I assumed with Freja I would want to be pushing in a squating or sitting position, and that I would certainly assume that position in the birth pool, because that’s what I wanted (but never got) with Elijah. When it came time to push, however, I could not stand being in that birth pool one second longer, and sitting was about the worst position I could be in. I tried standing and pushing, but that felt terrible too. I ended up hands and knees, leaning on a birth ball, which was about the last thing I pictured, short of lying on my back.
Transition was so different I couldn’t find words for it for the longest time. At first I tried evaluating which transition was more painful, but found I couldn’t pick, they were both painful in such different ways, you couldn’t even compare to see which pain was worse. I think with Elijah the pain was everywhere, in my arms, my legs, my breasts, my vagina, my head, it was just everywhere, and never ended. It just felt like one huge contraction for the whole hour and a half between when they broke my water and he was delivered. With Freja the pain was right were it was supposed to be, in my uterus and genitals and nothing else. And the contractions definitely had a beginning and an end, and there were definitely breaks between (although they weren’t super comfortable because I was feeling so much pressure). But man, were they intense! I don’t remember pain like that with Elijah. That may have something to do with the next difference though.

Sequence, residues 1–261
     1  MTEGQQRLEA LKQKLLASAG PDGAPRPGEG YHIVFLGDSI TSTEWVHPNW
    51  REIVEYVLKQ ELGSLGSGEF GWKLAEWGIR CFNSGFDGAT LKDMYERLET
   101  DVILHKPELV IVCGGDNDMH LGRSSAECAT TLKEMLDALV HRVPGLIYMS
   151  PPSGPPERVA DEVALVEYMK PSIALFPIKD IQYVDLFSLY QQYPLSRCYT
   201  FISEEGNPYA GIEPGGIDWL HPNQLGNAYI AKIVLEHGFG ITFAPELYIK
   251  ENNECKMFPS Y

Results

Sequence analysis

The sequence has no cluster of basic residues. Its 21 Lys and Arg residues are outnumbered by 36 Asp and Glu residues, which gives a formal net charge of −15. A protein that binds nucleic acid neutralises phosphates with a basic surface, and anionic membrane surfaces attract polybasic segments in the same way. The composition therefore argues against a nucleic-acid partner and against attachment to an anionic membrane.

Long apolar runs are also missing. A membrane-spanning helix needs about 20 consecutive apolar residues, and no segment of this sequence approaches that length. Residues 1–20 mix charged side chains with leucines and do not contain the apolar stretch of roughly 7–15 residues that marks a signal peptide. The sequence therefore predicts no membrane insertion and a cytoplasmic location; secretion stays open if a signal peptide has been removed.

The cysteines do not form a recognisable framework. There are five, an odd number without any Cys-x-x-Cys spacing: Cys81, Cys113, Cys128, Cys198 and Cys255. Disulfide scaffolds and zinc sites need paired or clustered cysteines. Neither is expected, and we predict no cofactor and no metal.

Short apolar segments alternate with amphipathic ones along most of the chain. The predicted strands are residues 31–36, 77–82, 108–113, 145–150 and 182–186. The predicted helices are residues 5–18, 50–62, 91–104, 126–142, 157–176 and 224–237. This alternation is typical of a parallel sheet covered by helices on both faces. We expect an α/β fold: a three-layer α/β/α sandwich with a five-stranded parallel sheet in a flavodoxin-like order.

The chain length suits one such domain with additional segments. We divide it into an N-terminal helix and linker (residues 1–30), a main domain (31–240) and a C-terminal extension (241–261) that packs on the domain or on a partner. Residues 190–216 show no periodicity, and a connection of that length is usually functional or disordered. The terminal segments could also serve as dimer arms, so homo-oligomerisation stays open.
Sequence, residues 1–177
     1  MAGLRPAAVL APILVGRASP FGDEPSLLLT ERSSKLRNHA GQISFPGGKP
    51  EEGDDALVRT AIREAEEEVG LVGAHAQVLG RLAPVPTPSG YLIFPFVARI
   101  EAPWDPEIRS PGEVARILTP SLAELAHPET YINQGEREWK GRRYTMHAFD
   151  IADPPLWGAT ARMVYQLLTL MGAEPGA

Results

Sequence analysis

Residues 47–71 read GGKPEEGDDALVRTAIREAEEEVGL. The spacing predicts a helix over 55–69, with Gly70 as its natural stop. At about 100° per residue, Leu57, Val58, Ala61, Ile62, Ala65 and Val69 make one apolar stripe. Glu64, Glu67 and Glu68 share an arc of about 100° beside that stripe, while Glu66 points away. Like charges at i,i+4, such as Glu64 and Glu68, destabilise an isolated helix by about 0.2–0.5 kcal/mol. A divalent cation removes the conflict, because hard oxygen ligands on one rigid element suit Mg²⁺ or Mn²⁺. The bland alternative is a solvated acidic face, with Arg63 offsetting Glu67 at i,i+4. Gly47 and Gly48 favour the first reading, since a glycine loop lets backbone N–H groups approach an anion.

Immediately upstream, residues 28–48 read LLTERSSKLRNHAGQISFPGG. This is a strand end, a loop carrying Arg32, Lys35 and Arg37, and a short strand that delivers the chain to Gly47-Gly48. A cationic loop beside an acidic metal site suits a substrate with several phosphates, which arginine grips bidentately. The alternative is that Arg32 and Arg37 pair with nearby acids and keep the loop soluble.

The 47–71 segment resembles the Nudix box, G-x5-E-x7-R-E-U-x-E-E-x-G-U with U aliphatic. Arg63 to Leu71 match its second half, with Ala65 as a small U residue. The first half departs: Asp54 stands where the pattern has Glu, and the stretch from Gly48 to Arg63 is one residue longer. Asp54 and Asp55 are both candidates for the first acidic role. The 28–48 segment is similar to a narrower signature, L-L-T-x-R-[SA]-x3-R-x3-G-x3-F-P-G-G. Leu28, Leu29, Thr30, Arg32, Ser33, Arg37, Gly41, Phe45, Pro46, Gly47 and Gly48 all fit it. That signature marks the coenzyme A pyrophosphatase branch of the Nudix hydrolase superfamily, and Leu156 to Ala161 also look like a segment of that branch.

With Elijah, I got that hormonal high, that surge of euphoria that is one of the biggest rewards of natural birth. I felt great between contractions, I felt heavenly! And after the birth, oh! The pain was gone and the world was so beautiful! The euphoria lasted days!
I didn’t get any of that with Freja. During labor I felt tired, and a little afraid. Afterwards I felt tired and sore, and I was just so freaking eager to get the placenta out of me and get into my bed! And all I had in my body and brain was memory of the pain, and that stupid, logic driven part trying to figure out which birth was better. Neither one was better! But I was a little sad I didn’t get that euphoric feeling the second time around. I’ve heard that’s somewhat common though.
I’m not sure that comparing the two births has done much to give me peace. After all, I intend to do this again one day (immediately after discovering Freja’s sex, I told Elijah that we would try again for a brother in a few years, and everyone laughed that the placenta wasn’t even out and I was already talking about having another one), and really examining how different the two births were has only made it all the more clear to me that I can have no idea what to expect the next time I go through this. But I do know that the next time I do, I’d like to do it more the way I had Freja. Not because it was any less painful or the outcome was any better (I got beautiful, healthy babies at the end of each birth, and walked away from each relatively unscathed, compared to the average American woman, who walks away from birth with injuries above and beyond what birth it’s self inflicts), but because it was just more … Pleasant. More comfortable. More right for me.
Guess my baby stats!